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The Spokesman-Review Newspaper
Spokane, Washington  Est. May 19, 1883

In Grenada, a.k.a. the Spice Isle, a foodie paradise blossoms

By Nevin Martell Special To The Washington Post

A cheery midday sun beamed down, offset by the flicker of a cooling ocean breeze. Fishing boats churned across the placid waters of the harbor. In the background, sailboats were lined up in neat rows at the marina, while colorful stacks of shipping containers sat on the docks. Beyond that, mostly one-story homes dotted the green hills undulating around the edge of St. George’s, the bustling capital town of the Caribbean island of Grenada, known as the Spice Isle. As I would find out, the nickname is fitting: The lush, tropical getaway with cinematic beaches has a lot to offer food-focused travelers.

My wife, son and I were sitting at a table overlooking the water at BB’s Crabback, a restaurant specializing in island fare. It was a one-room affair, dotted with simple wooden tables decorated with vases full of verdant fronds; a small bar ran along the wall farthest from the ocean. The white walls and beams were scrawled with notes from guests: “(heart) this island,” “The Rasta was here” and “Order the ribs.”

I was dead set on trying Grenada’s national dish: oil down, a thick stew accented with an abundance of spices grown on the island and made with coconut milk reduced down to a rich, nutty oil, thus the name.

When I mentioned this to the server, she frowned. “Let me see if we have it today,” she said before disappearing.

My hopes sank. I had read so much about oil down, but words on a page can never replace the experience of tasting something for yourself. I had to try it.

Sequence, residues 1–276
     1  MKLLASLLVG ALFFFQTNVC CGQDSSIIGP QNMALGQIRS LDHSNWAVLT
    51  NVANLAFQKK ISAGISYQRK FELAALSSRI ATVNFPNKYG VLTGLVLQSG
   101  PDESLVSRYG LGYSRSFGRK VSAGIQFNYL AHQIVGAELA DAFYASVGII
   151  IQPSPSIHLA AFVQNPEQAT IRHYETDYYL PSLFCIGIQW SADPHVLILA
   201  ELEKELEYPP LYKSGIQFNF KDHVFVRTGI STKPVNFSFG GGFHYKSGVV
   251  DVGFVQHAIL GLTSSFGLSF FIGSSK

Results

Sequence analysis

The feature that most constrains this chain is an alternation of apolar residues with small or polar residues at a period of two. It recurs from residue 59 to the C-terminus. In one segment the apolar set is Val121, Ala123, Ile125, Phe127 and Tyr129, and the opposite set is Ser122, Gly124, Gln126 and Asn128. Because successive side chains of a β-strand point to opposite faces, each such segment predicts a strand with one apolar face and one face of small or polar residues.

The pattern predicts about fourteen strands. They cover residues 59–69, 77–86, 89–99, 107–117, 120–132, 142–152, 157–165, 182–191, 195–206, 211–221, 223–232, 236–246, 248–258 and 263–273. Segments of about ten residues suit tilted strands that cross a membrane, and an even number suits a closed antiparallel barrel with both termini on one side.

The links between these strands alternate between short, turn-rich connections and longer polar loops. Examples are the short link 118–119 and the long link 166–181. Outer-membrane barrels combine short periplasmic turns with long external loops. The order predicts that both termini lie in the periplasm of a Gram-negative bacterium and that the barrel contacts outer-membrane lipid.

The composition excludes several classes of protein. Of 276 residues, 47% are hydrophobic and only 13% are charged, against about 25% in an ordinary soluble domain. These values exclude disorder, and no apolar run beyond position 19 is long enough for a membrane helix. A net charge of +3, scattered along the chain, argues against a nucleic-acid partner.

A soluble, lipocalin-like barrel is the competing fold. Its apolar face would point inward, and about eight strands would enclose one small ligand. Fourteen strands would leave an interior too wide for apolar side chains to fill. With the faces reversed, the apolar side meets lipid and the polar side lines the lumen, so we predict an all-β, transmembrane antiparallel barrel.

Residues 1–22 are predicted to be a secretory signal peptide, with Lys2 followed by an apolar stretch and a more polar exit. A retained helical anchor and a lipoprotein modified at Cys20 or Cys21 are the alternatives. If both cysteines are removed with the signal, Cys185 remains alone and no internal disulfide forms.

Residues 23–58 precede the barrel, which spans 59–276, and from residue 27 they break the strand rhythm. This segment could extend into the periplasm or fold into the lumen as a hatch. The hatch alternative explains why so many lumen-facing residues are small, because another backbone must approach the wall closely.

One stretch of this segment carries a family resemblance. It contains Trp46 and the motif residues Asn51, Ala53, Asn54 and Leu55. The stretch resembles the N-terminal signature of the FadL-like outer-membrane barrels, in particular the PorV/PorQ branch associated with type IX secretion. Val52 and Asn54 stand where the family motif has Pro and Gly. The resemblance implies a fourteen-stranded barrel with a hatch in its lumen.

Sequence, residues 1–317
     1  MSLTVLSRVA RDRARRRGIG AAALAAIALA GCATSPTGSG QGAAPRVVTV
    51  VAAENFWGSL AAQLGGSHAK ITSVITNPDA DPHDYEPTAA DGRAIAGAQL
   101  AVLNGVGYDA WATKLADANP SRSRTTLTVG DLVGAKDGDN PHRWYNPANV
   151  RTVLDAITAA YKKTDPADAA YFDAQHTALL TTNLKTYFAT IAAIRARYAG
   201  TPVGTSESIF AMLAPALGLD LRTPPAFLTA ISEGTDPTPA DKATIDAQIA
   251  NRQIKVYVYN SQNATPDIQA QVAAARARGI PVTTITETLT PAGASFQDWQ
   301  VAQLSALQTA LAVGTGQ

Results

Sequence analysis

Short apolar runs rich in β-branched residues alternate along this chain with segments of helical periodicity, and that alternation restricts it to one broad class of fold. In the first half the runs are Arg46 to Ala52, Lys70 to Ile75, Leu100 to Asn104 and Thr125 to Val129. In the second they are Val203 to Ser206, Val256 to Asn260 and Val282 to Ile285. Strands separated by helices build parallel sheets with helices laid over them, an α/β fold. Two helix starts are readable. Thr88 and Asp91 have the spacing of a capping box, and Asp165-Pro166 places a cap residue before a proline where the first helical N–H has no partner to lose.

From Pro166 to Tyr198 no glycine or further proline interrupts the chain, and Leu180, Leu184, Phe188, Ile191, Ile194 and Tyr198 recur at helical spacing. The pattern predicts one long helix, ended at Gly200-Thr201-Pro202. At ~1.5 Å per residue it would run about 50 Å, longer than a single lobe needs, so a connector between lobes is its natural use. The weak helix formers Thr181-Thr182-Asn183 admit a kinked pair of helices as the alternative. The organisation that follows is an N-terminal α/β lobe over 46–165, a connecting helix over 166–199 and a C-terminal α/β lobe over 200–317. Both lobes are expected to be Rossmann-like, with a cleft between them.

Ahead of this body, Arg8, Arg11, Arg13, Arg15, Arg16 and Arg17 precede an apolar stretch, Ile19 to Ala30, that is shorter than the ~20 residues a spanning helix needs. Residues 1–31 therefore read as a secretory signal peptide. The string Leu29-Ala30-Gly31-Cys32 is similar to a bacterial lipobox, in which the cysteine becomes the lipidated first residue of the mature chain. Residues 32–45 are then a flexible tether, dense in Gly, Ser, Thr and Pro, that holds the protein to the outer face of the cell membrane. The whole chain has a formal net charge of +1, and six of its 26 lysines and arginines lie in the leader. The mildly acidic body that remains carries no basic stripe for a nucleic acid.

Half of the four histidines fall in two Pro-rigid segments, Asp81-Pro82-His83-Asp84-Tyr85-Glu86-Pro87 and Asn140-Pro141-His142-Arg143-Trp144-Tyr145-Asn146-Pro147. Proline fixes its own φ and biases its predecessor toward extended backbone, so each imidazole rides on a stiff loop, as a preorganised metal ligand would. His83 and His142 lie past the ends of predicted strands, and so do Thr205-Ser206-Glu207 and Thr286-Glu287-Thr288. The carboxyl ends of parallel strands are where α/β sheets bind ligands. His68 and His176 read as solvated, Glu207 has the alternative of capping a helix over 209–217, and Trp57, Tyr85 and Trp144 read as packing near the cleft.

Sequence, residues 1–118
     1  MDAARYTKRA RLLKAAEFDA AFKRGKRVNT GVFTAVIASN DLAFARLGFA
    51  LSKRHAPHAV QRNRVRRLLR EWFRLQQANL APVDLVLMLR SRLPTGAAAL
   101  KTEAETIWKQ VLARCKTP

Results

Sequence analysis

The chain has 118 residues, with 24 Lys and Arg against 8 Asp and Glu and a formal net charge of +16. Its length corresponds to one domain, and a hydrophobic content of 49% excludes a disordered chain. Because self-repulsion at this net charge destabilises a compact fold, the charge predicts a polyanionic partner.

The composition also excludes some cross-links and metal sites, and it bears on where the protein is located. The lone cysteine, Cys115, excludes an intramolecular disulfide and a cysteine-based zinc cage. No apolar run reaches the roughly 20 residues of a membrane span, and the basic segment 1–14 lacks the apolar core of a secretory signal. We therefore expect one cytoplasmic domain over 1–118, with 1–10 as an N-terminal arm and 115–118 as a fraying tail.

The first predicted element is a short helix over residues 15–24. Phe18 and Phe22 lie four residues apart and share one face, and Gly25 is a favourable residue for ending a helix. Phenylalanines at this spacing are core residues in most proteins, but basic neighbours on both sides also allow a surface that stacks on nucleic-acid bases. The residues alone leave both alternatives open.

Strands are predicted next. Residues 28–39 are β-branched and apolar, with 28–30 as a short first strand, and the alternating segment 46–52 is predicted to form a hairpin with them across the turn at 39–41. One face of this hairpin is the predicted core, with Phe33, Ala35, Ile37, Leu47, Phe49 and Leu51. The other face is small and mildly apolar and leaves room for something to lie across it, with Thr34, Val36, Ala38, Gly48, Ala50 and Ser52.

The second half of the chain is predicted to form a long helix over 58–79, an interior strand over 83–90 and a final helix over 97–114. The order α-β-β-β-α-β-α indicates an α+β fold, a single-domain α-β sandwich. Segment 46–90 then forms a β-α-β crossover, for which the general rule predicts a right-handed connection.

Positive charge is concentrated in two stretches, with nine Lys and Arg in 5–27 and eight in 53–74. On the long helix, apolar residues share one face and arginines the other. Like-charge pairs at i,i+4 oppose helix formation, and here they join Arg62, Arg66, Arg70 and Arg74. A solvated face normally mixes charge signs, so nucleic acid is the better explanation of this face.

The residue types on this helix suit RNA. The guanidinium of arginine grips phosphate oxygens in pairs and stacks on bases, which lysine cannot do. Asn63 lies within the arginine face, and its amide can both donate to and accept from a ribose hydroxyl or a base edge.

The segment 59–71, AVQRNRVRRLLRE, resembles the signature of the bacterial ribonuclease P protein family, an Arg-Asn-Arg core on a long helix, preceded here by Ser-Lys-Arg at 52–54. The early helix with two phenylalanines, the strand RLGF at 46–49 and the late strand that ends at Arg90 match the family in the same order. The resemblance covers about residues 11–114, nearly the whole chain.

A moment later, she was back. “I’m sorry, but I don’t think it’ll be ready,” she apologized. “What about the red snapper instead?”

As I considered the alternative, a man with short, curly black hair and a graying beard, dressed in a blue shirt and shorts, who had been sitting at the bar working on a laptop, roused himself. “You want the oil down?” he called over in a gravelly British accent.

“Yes, please!” I responded as my hopes rose.

He disappeared for a few minutes. When he returned, he had a piratical grin and a glint in his eyes. “It’s coming.”

I profusely thanked my savior, who turned out to be Brian Benjamin, aka BB, the restaurant’s namesake chef and owner. Born in Grenada, he immigrated to England as a child, ultimately got married, had four children and opened the first version of BB’s in West London. He moved back to his homeland in 2007 to open the second iteration of the restaurant, which has become one of the island’s most renowned eateries.

Finally, the oil down arrived. This version was vegetarian (though it’s often punctuated with salted beef or pork), a hearty mix of potatoes, carrots, wilted spinach-esque callaloo and toothsome dumplings. Thanks to locally grown turmeric, the stew was such a vibrant golden hue that it almost appeared to be glowing. I took a bite. It was a rush of warming spices – clove, cinnamon, ginger – intertwined to create a sort of Caribbean curry with a touch of heat thanks to scotch bonnet pepper, a ubiquitous ingredient in this part of the world. It was everything I had hoped it would be – and more.

It was our second day in Grenada, which is perched on the southern tip of the Grenadines island chain. Just over 130 square miles with a population of roughly 114,000, the island has a history that has been interlaced with food for hundreds of years. Christopher Columbus made landfall in 1498, but it avoided colonization until the French arrived in the 17th century, when they settled the island, began building sugar estates and brought in enslaved peoples from Africa to work the land. The island flipped to British rule in the mid-18th century (it eventually gained its independence in 1974), ushering in even more sugar production. Cacao became the main export by the 19th century, but it was eclipsed by nutmeg the following century. To this day, it’s one of the world’s major producers of nutmeg, as well as a strong exporter of a variety of spices, cocoa, bananas and other produce, and fish.